The poles of the Earth are home to many wonders of the world. One among them is the passage of cosmic rays from space to the Earth. To be more precise, the cosmic rays are high energy particles that come from the deepest parts of space.
These fall towards Earth and some of them get through the atmosphere and into our planet. Poles experience the most amount of rays, as magnetic fields of force near the equator repel most of the rays that come near that area.
However, these cosmic rays that enter through the poles do not cut through the cross-section of the Earth and come out of the other poles. The reason being that cosmic rays comprise of large diameter particles.
Even if they have the energy to pierce right through the Earth, they will get deflected by hitting other particles inside the Earth’s core.
Discovery of the discrepancy thanks to ANITA and IceCube
But things started to change; scientists have noticed an aberration near the poles. It all started way back in 2009 when scientists noticed cosmic rays shooting up from the Earth’s pole.
The same phenomenon happened in 2014; scientists came to know about these occurrences using NASA’s Antarctic Impulsive Transient Antenna (ANITA). It is a monitoring device that floats over the South Pole that is used to measure the intensity of the cosmic rays by measuring their decay.
Since the cosmic rays that shot up from earth don’t match with the behavior of our standard reference, the Standard Model (SM) of particle physics, researchers are considering the possibility of a new type of cosmic ray that we are not aware of.
There is more evidence to support this matter as the ground station present in the pole, called IceCube, showed that these rays are indeed different. Scientists have made some assumptions on what these particles are.
Some made the argument that these are sterile neutrinos, large diameter neutrinos that have never hit another particle on their way through the Earth. Another group of researchers believes that these rays are cosmic radiations coming from the inside of Earth due to the decay of dark matter present inside our planet.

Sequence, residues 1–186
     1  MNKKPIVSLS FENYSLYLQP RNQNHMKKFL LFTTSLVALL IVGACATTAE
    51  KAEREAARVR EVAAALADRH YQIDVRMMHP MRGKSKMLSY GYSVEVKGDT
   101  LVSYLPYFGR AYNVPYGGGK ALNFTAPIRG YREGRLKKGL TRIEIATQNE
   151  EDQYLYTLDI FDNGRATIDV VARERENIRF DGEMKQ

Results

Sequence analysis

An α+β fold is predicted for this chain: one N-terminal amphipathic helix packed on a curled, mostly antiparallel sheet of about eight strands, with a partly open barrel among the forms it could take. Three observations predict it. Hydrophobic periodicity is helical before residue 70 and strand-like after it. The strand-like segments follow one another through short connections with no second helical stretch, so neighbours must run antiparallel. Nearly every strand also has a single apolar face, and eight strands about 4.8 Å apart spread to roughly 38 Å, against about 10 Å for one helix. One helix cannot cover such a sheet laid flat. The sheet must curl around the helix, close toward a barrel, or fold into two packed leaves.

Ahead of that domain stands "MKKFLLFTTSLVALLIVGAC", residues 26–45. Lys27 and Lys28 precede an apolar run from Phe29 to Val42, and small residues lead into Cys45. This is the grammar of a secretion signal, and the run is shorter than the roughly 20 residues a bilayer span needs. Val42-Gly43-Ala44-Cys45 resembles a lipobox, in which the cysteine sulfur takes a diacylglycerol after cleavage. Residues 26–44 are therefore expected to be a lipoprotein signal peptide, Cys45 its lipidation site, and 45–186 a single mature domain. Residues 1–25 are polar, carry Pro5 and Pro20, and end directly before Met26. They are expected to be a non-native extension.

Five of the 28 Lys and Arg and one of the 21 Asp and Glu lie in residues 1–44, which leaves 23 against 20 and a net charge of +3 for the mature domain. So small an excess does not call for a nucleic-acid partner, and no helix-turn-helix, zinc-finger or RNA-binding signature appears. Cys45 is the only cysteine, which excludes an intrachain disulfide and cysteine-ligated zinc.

New study sheds some light into the matter
A study paper guided by Derek Fox makes the argument that these rays are in fact different from what we usually know.
“I was like, ’Well this model doesn’t make much sense,’” Fox told Live Science. “But the [ANITA] result is very intriguing, so I started checking up on it. I started talking to my office neighbor Steinn Sigurdsson [the second author on the paper, who is also at Penn State] about whether maybe we could gin up some more plausible explanations than the papers that have been published to date.”
With the data collected by the researchers, they are of the opinion that these rays are not neutrinos. In fact, by studying the parameters, Fox and his team believe that these rays have a probability of 1-in-3.5 million chance of being part of the Standard Model.
To the question “then what are these things?” the researchers think that they might be theoretical supersymmetric particles called “stausleptons.”
More research needs to be done based on the data collected by ANITA and IceCube. Who knows, we might be in the brink of discovering something new that might rewrite astrophysics as we know it!